Storm disrupting work for millions may slow economic growth

A signboard shows the date and time at the trading floor of the New York Stock Exchange following its reopening, Oct.31, 2012. U.S. stocks edged higher on Wednesday in the first trading session since a massive storm in the U.S. Northeast forced a two-day market closure. At least 30 people were killed and millions have been left without power after Hurricane Sandy slammed into the East Coast on Monday. The storm shut down most businesses in Manhattan and caused a rare flooding of the subway tunnels, which is expected to keep the system closed for several days.
Brendan McDermid | Reuters
A signboard shows the date and time at the trading floor of the New York Stock Exchange following its reopening, Oct.31, 2012. U.S. stocks edged higher on Wednesday in the first trading session since a massive storm in the U.S. Northeast forced a two-day market closure. At least 30 people were killed and millions have been left without power after Hurricane Sandy slammed into the East Coast on Monday. The storm shut down most businesses in Manhattan and caused a rare flooding of the subway tunnels, which is expected to keep the system closed for several days.
Posted Nov. 01, 2012, at 7:52 p.m.

WASHINGTON — Atlantic superstorm Sandy may cut U.S. economic growth as it keeps millions of employees away from work and shuts businesses from restaurants to refineries in one of the nation’s most populated and productive regions.

The storm may cut output in the world’s largest economy by $25 billion in the fourth quarter, according to Gregory Daco, a U.S. economist at IHS Global Insight. He said that could reduce the fourth quarter pace of growth to between 1 percent and 1.5 percent, from the firm’s earlier estimate of 1.6 percent.

Sandy lashed a region with 60 million people — about as many as Italy — that accounts for about a quarter of the $13.6 trillion U.S. economy, estimates Eric Lascelles, the Toronto-based chief economist at RBC Global Asset Management Inc. It forced the closures of U.S. financial markets, halted air and rail service and idled workers for the federal and state governments from Virginia to Massachusetts.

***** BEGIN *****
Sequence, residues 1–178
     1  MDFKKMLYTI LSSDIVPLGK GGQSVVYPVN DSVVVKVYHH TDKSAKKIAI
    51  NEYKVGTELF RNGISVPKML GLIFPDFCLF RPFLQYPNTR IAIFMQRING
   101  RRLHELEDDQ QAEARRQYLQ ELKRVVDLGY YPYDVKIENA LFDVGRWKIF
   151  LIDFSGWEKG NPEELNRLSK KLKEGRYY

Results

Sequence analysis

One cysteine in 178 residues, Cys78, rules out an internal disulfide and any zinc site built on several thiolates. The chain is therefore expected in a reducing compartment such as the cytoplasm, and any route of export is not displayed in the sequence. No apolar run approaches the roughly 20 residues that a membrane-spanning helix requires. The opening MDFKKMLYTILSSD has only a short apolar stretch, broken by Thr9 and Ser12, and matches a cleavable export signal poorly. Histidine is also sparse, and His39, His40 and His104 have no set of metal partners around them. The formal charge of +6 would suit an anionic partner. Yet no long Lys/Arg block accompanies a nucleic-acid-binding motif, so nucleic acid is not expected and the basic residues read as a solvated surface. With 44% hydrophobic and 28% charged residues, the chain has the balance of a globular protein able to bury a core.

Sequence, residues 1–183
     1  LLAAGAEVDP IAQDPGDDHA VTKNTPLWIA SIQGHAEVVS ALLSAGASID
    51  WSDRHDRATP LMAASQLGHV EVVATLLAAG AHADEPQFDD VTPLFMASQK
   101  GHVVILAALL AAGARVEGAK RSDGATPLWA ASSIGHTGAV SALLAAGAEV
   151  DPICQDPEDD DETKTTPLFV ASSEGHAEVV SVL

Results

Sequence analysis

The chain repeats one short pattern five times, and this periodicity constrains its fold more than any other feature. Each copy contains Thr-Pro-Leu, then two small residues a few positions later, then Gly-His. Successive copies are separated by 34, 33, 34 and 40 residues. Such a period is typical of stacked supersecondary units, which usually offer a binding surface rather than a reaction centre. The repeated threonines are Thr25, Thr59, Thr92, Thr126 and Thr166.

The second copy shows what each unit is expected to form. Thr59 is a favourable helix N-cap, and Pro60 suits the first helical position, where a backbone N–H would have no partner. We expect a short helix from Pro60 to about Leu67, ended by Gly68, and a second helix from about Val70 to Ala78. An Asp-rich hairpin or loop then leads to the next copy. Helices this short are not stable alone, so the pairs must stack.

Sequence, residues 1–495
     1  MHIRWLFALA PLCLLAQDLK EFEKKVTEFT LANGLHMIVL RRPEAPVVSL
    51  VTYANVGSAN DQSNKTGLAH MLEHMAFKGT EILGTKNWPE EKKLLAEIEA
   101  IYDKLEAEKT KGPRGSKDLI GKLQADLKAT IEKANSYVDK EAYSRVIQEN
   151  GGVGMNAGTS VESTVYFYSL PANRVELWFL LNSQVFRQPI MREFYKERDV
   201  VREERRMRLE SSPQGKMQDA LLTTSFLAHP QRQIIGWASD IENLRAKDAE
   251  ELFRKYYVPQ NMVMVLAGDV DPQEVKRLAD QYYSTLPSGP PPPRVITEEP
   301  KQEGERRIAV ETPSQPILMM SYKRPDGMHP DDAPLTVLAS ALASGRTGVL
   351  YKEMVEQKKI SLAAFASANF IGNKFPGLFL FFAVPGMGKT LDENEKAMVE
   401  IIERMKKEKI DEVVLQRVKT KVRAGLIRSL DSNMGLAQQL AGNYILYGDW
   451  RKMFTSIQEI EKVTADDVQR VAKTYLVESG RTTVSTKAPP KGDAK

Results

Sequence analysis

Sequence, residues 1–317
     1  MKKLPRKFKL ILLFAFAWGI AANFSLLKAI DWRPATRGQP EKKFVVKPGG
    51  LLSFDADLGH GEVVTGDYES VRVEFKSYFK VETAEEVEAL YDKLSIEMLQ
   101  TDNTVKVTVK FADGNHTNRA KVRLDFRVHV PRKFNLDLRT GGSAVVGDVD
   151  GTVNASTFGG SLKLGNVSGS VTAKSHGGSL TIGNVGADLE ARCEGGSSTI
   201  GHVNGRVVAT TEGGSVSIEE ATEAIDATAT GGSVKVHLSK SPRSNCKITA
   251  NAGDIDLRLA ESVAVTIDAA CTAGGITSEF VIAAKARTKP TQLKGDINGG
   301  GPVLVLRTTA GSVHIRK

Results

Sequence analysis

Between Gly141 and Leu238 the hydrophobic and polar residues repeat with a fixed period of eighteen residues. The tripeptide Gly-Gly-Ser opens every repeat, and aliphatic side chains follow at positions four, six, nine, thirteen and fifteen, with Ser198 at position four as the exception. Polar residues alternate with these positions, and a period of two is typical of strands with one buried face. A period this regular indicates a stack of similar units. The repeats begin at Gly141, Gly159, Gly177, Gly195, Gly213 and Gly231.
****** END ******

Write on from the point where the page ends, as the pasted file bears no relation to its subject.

“If people aren’t going to Broadway shows and restaurants and hotels, all those businesses that rely on people spending money are going to take a hit for sure,” said Stephen Bronars, a senior economist at Welch Consulting in Washington and an adjunct professor at Georgetown University. “People are still going to go out and buy a car or other durable goods they need, they’re just not going to do it this week. There will be winners and losers.”

The storm may reduce gross domestic product by as much as two-tenths of a percentage point this quarter, said Mark Vitner, a senior economist at Wells Fargo & Co. in Charlotte, N.C. The cost in lost output may come to about $30 billion, he said.

The storm will probably have “a modest negative effect of a few tenths of a percentage point” on retail sales, construction spending, and industrial production in October, Goldman Sachs economists led by New York-based Jan Hatzius wrote in a note to clients Wednesday. The indicators then may show “slightly stronger growth than would otherwise have been the case” into the first few months of 2013, they said.